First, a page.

The Nizkor Project: Remembering the Holocaust (Shoah)

Fifty-Third Day: Thursday, 7th February, 1946
(Part 12 of 18)

[Page 147]

M. QUATRE: I had reached, Gentlemen, Page 36 of my brief, concerning the treatment of Allied airmen who were prisoners of war.

This point had already been discussed at some length before you ----

THE PRESIDENT: Perhaps I ought to say that the Tribunal will be willing to sit this evening until half-past five, in order that the case against the defendant Hess may be concluded, but it is very important that the case should be concluded to-night, against the defendant Hess, because the Soviet prosecution will require the whole day for their presentation to-morrow.

M. QUATRE: Mr. President, I shall be very brief. I shall pass straight on to my conclusion. I shall say nothing about the treatment of Allied airmen. You know the circumstances, as well as the treatment of Commando troops, and I once more beg the Tribunal's pardon for having unintentionally spoken at such length. I shall now conclude.

It is definitely the conception of criminal intention which was present in the drafting of the orders and directives which we have just examined. The reality of the acts perpetrated as a result of these decisions cannot be denied, nor should we overlook or underestimate this moral element, qualified by French penal law, to use the formula of an eminent jurist as "knowledge on the part of the agent" of the illicit character of the acts performed by him. The two defendants were fully cognisant of the illicit nature of orders which they knew would be scrupulously carried out.

With Keitel and Jodl the systematic rejection of the laws and customs that mitigate the horrors of war and the restoration, as a matter of principle, of the most barbarous practices are the reflection of the forms and precepts of National Socialism and its leader, for whom any International Law, any conventions, any ethical law represented an intolerable restraint, an obstacle to the goal to be attained, inasmuch as they interfered with the higher interests of the German community.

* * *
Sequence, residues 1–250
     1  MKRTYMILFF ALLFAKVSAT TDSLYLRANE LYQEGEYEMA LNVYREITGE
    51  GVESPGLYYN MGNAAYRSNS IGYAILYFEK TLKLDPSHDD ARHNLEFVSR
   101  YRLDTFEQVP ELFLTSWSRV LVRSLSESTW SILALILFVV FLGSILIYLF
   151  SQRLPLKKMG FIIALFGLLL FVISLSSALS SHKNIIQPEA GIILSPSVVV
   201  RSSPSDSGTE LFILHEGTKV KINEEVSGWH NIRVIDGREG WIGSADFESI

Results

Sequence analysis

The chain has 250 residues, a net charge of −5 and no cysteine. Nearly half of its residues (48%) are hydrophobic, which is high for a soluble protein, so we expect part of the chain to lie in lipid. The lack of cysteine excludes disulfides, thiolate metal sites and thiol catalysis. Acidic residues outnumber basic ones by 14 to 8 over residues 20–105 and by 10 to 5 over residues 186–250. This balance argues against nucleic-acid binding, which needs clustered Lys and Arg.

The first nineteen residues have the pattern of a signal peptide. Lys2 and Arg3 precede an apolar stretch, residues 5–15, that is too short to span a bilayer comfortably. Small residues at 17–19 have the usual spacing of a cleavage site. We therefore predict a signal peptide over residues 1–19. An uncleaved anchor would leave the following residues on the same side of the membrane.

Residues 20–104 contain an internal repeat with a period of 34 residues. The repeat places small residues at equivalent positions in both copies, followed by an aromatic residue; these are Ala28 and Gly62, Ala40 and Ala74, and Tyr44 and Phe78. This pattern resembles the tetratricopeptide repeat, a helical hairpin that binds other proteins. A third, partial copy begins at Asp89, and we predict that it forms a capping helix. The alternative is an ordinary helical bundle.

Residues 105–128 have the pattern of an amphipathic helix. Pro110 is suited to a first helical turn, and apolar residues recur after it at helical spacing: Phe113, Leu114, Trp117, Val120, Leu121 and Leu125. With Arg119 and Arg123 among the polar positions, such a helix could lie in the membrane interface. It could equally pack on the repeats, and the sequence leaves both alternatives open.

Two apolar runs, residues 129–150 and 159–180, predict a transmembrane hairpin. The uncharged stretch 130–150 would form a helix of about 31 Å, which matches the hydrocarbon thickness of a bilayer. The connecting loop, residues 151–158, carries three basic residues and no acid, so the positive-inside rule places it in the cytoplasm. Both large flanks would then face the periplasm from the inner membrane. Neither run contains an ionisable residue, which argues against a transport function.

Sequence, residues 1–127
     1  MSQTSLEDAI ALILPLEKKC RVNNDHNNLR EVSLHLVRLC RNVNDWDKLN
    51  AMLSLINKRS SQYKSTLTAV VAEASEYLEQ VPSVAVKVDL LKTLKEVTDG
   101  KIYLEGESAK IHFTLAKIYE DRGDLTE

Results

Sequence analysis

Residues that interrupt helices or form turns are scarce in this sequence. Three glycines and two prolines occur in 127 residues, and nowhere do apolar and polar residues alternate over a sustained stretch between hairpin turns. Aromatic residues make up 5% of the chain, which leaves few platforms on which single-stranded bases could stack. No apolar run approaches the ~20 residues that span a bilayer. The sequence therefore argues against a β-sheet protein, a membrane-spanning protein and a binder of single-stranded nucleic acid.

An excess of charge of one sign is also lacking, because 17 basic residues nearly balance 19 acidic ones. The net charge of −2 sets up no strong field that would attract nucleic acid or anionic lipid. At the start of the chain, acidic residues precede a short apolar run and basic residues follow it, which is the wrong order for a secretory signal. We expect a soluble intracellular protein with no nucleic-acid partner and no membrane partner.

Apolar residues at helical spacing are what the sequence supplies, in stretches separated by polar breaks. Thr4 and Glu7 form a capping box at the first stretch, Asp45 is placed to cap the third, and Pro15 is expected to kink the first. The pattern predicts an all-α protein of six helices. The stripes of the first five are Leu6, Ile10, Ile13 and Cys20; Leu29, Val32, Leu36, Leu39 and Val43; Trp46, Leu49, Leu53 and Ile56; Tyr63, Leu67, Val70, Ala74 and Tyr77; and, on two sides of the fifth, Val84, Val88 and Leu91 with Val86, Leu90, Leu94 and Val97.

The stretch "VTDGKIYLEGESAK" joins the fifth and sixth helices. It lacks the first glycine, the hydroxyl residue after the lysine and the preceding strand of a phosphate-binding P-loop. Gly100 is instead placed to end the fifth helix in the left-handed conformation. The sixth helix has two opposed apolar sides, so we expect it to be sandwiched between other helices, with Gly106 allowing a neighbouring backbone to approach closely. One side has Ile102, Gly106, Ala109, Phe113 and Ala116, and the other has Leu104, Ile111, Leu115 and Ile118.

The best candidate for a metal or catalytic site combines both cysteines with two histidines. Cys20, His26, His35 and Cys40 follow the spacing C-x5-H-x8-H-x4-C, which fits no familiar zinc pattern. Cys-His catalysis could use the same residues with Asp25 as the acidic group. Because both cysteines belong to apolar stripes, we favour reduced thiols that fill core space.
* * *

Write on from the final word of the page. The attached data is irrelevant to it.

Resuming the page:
It is not a matter of indifference to know whether Keitel and Jodl were urged by personal ambition or whether, true to the Pan-German tradition of the German General Staff, they yielded to the National Socialist frenzy in the hope of one day seeing the arrogant pretensions of Germany fully realised.

The most important point, in our eyes, is the personal contribution which they consciously and voluntarily made to the enterprise of destruction carried out by the Third Reich.

For 10 years Keitel was the key man of the German Army, and from 1936 onward, Jodl did not cease to be his collaborator. Before the war they worked to promote the war, and during the war they deliberately flouted the rules of law and justice, the sole safeguards of fighting men, held the dignity of mankind in utter contempt and thus failed to do their duty as soldiers.

"Nacht und Nebel," the "Kugelaktion," the "Sonderbehandlung," the destruction of our cities -- all this will be forever associated with the names of these men, and particularly with the name of Keitel, who dared to proclaim that human life was less than nothing.

[Page 148]

And at this moment we cannot prevent our thoughts from turning towards the countless absent ones, who for that reason sacrificed their lives.

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